Does your job search strategy emulate that of your forefathers? Has it reached a dead end? Are you completely perplexed as to why you can’t start your career, enhance it, or get back to work all together?
Worse, are you contributing to the latest 7.3% unemployment rate, as released by the Department of Labor today?
This is a vicious and non-productive cycle going on with professionals all over our country, and it bothers me every day. As I continue my quest to provide much-needed advice to the good, hard-working middle-class American population I was struck by a term I read: “thought followers.” I wanted to better understand what it meant.
A thought follower tracks the work and progression of a thought leader – a renowned expert in his or her particular field acting as an influencer for individuals that prefer others blaze new trails for them. Thought followers abide by popular trends, waiting for their leaders to test the unchartered waters before taking the plunge themselves. Thought leaders are the risk-takers while thought followers sit back, choosing to remain comfortable in their normal routine until it becomes only natural that they make a transition.
As a creature of habit, I see almost everything through my employment lens. When introduced to the concept of though followers, I immediately made the connection that the majority of job seekers today exemplify this thought-follower mindset. In my experience, this mindset has become the greatest weakness in our unengaged workforce. The proof is in that same unimpressive unemployment rate.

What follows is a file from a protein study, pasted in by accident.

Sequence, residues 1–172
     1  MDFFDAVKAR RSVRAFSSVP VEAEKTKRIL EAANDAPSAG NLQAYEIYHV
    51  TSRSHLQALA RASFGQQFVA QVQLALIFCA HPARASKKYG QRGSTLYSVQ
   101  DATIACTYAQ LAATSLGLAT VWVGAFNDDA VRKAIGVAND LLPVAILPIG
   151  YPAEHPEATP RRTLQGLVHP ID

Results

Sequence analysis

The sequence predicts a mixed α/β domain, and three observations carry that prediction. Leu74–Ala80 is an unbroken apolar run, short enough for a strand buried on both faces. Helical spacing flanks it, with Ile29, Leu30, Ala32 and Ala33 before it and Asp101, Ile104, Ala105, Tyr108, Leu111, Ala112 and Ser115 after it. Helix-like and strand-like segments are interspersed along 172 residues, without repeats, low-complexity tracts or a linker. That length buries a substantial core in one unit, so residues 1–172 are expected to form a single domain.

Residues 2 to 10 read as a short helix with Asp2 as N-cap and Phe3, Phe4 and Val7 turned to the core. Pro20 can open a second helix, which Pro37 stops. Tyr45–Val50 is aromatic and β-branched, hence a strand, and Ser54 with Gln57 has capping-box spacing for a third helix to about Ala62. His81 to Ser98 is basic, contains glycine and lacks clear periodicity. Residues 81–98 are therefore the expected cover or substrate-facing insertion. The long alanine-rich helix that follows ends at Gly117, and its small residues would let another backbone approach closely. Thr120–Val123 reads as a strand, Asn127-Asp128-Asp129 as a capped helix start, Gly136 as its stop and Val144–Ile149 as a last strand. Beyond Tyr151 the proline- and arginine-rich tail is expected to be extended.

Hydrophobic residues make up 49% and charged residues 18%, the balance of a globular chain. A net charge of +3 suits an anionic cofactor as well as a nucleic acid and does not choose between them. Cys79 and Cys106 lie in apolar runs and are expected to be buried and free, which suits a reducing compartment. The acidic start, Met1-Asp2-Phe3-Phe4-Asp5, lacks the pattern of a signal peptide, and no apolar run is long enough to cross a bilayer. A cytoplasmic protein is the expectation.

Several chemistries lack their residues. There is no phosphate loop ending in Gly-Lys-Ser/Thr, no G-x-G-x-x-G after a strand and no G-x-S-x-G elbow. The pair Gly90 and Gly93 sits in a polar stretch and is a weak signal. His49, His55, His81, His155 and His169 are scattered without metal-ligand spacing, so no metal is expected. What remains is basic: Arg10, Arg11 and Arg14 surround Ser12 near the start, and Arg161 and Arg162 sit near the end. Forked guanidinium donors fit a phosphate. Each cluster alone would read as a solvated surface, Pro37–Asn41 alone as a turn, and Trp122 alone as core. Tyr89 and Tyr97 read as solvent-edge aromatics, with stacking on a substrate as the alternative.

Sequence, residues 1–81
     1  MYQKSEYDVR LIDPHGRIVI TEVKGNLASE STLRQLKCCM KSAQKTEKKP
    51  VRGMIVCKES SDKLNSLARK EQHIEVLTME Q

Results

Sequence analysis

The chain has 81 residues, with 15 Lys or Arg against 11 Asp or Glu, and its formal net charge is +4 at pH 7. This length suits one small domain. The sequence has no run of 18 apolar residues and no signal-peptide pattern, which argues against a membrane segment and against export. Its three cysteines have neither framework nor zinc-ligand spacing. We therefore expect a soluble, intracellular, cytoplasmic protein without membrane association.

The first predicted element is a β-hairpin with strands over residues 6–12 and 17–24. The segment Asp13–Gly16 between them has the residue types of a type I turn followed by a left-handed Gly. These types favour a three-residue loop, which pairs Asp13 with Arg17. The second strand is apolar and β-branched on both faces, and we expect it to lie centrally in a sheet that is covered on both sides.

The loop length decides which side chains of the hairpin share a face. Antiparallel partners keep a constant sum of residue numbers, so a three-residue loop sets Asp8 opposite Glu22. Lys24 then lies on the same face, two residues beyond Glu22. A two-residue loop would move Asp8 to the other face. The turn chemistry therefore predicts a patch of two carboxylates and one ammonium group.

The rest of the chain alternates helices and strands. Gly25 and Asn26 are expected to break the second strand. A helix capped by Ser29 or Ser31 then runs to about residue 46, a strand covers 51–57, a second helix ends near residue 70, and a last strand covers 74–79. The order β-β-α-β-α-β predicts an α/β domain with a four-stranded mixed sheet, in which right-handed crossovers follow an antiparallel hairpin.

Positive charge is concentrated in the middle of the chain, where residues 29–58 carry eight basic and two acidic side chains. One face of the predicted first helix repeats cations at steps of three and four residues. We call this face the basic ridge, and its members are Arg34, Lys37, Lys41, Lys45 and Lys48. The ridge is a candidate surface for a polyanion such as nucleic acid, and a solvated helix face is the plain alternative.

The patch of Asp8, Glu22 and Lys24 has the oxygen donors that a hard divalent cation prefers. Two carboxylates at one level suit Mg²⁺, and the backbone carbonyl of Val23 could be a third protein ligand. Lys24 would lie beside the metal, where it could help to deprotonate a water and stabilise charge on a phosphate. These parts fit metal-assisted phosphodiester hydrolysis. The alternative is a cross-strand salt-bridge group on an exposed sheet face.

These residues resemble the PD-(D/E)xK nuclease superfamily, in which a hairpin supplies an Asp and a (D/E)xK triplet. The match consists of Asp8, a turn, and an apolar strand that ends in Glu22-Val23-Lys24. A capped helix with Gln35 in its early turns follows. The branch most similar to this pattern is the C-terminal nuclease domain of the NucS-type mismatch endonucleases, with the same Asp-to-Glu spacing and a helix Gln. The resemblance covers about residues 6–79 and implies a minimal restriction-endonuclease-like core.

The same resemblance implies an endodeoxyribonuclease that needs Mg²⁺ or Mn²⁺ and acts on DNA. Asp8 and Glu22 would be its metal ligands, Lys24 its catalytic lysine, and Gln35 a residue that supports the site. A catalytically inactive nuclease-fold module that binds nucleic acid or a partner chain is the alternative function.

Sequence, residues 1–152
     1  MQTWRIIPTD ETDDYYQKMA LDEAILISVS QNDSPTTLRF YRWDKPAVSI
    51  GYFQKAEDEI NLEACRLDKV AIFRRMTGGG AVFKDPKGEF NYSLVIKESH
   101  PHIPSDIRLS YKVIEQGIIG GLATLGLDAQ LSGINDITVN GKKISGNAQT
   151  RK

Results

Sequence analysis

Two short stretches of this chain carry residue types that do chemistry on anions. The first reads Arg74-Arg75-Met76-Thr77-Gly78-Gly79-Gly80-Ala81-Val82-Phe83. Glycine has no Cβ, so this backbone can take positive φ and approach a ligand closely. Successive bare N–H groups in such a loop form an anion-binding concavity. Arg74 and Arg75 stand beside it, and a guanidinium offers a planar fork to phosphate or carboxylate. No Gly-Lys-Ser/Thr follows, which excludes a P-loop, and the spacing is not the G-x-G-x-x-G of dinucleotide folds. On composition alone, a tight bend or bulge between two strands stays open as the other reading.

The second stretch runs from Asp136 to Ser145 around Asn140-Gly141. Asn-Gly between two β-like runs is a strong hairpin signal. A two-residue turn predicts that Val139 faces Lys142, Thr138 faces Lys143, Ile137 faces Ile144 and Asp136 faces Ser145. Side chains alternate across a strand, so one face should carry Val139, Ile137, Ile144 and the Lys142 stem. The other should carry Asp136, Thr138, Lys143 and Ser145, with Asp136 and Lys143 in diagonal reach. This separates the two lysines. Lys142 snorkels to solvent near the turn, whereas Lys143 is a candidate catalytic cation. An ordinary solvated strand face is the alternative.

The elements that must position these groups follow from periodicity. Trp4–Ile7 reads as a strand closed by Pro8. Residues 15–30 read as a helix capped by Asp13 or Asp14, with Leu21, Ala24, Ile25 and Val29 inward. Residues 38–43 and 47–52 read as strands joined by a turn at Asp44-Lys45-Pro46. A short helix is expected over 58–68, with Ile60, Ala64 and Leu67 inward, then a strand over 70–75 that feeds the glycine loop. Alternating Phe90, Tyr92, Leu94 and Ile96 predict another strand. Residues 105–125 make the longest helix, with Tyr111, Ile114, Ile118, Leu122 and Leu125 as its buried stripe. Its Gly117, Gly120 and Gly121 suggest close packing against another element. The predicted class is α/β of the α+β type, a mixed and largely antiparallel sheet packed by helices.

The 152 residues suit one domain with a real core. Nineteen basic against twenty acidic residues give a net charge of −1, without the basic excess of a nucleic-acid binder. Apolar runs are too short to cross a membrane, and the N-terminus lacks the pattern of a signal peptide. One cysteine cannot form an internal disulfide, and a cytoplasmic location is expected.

We live in a world of technology, innovation and change. In order to survive, middle-class America must realize that a linear path is no longer a viable option for long-term career enhancement. Travel the new employment world by taking a series of stepping stones that each bring you closer to your ultimate career destination. That means being strategic (making sure every career move makes sense), taking risks, and becoming your own thought leader rather than relying on behaviors of the past. I never before considered the difference between thought leaders and thought followers.
Instead of blindly following the traditional career progression that has proven obsolete, ask yourselves: Am I working towards the new American dream, or away from it?
Our elected thought leaders shut down the government recently. If we continue to follow their example, we will go off the cliff with them. It’s lonely being a thought leader, especially in times when your followers need your guidance more than ever. That’s why we need to start depending on ourselves for survival. Middle-class Americans: I challenge you to own your career by building yourself as a first-choice candidate that fits in our new normal economy rather than calling yourself a victim of it.